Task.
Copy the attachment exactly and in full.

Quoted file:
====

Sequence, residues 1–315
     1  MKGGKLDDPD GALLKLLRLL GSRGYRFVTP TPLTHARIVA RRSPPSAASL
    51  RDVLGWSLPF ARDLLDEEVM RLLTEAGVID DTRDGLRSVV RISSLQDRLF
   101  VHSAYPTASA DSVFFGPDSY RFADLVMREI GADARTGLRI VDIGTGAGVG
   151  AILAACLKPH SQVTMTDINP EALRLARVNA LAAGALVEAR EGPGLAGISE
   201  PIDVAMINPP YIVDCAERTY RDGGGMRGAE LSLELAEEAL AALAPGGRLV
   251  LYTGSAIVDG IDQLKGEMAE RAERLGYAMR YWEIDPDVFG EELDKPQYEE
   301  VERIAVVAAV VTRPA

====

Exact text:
Sequence, residues 1–315
     1  MKGGKLDDPD GALLKLLRLL GSRGYRFVTP TPLTHARIVA RRSPPSAASL
    51  RDVLGWSLPF ARDLLDEEVM RLLTEAGVID DTRDGLRSVV RISSLQDRLF
   101  VHSAYPTASA DSVFFGPDSY RFADLVMREI GADARTGLRI VDIGTGAGVG
   151  AILAACLKPH SQVTMTDINP EALRLARVNA LAAGALVEAR EGPGLAGISE
   201  PIDVAMINPP YIVDCAERTY RDGGGMRGAE LSLELAEEAL AALAPGGRLV
   251  LYTGSAIVDG IDQLKGEMAE RAERLGYAMR YWEIDPDVFG EELDKPQYEE
   301  VERIAVVAAV VTRPA